What is a Hydrocele?
A hydrocele is a a collection of fluid around the testicle. In young boys, it occurs because there is an open connection between the tummy and the scrotum. This connection allows fluid which is produced in the tummy (called “peritoneal fluid”) to drain down to the scrotum. The body cannot get rid of this fluid quick enough, and so it gathers around the testicle.
The tube that the fluid drains down is called a PATENT PROCESSUS VAGINALIS or PPV for short. This connection was present when your son was born. Before your son was born this tube formed to help the testicle get from the tummy, through the inguinal canal to the scrotum. For most boys this connection closes off without anybody knowing about it. In a small number the connection remains open. If fluid drains down the PPV then the boys develops a hydrocele. If the contents of the tummy come down the connection then a hernia develops.
As well as the common type of hydrocele (also known as a noncommunicating hydrocele), there are 2 other rare types of hydrocele that exist:
- Communicating hydrocele - this where the PPV is big enough to allow the fluid to flow freely in either direction. It may be mistaken for an Inguinal Hernia
- Hydrocele of the cord. This occurs when fluid accumulates in a pocket in the the PPV. This results in a hard swelling in the groin. It may be mistaken for a stuck (or incarcerated) Inguinal Hernia.
How will it affect my son?
A hydrocele is most commonly seen as a swelling in the scrotum. The swelling can give the scrotum a blue appearance. The size of a hydrocele can change. Often it is bigger at night, and after a nights sleep.
Some hydroceles may resolve (go away) by themselves. This can take a number of years.
Is a Hydrocele painful?
Often hydroceles get bigger when the child has a viral illness, which causes him to be upset, and so parents think that he is upset by the hydrocele. What in fact happens is that when the child has a viral illness the child will be off form and irritable. At the same time more peritoneal fluid is produced and this causes the hydrocele to get bigger.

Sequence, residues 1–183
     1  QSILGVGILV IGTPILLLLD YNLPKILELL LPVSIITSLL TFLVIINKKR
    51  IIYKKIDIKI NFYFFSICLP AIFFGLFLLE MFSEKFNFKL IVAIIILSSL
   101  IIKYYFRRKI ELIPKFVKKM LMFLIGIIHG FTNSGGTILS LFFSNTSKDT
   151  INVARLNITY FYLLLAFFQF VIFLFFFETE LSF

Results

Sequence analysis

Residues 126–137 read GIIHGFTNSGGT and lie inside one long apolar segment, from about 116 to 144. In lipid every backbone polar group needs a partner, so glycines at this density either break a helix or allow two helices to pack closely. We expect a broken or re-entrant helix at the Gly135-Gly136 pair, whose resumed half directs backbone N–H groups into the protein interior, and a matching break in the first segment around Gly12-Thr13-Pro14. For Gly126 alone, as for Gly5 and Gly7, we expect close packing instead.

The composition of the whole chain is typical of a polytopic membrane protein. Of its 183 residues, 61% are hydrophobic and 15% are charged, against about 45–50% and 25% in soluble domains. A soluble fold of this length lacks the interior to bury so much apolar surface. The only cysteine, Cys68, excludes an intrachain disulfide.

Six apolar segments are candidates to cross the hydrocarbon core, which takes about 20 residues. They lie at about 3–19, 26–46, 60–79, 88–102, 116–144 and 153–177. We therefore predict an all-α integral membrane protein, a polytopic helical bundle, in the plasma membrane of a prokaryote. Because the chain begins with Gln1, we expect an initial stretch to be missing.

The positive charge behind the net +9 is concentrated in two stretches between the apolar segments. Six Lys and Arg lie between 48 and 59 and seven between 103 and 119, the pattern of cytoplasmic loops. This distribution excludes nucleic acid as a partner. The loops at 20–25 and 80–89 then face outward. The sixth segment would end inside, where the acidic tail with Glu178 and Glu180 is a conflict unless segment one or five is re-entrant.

Occasionally just before a hydrocele resolves the it can become large and tense. In this case it can be uncomfortable for the child because of how tense the swelling is. Should this happen you should give your child regular pain relief (such as paracetamol). If you are worried you should speak with your family doctor.
Could the swelling be something else?
The diagnosis of hydrocele can usually be made after taking a history and careful examination.
Occasionally it can be difficult to tell the difference between a communicating hydrocele and an inguinal hernia. In these cases an Ultrasound may not be able to tell the difference either. In these cases it is safer to treat the child as if they have an inguinal hernia. A communicating hydrocele is unlikely to go away be itself, unlike a non-communicating hydrocele, so the treatment is surgery. At the operation the diagnosis is confirmed.
A hydrocele of the cord may mimic a stuck or incarcerated hernia. It may be possible to tell the difference on clinical examination. If there is some doubt as to what is going on an ultrasound may tell the difference between an incarcerated hernia and a hydrocele of the cord. Sometimes it is not possible to get an ultrasound quickly - and in these cases the surgeon looking after your son may decide to take him to theatre for an operation. This is because of the risks of not treating an incarcerated hernia are too great.
A hydrocele in a young child is almost always caused by a PPV. In older children there are other causes of a hydrocele - such as following trauma. Occasionally an Ultrasound Scan of the scrotum is used to make sure that there are no other cause of the hydrocele before treatment is planned.
Are there any long term consequences of a HYDROCELE?
Hydroceles do not cause any long term health problems.
There is a belief that if a man has a hydrocele after puberty than it may affect his fertility. Certainly, if a man goes to a fertility clinic because he cannot have a child, and is found to have a hydrocele he will be sent to have the hydrocele fixed. There is no evidence to prove that this improves the chance to father children.
Unfortunately children can be cruel. There is a small chance that if your child has a hydrocele, that they could be bullied at school.
What treatment does my son require?
Hydroceles may resolve themselves. The older a child, the less likely that a hydrocele will resolve by itself. Therefore it is uncommon to treat a hydrocele in a child who is less than 3.
A hydrocele can be cured by an operation called a LIGATION OF PPV. The operation in a child is different to the operation in an adult. In a child the aim of the operation is to tie off the connection from the tummy to the scrotum.
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Ligation of Patent Processus Vaginalis (PPV)
The operation used to treat hydroceles in younger children is called a Ligation of PPV. This operation is different to a Jaboulay procedure, which is used to treat hydroceles in adults.
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In some older children hydroceles are treated by an operation called a Jaboulay procedure.
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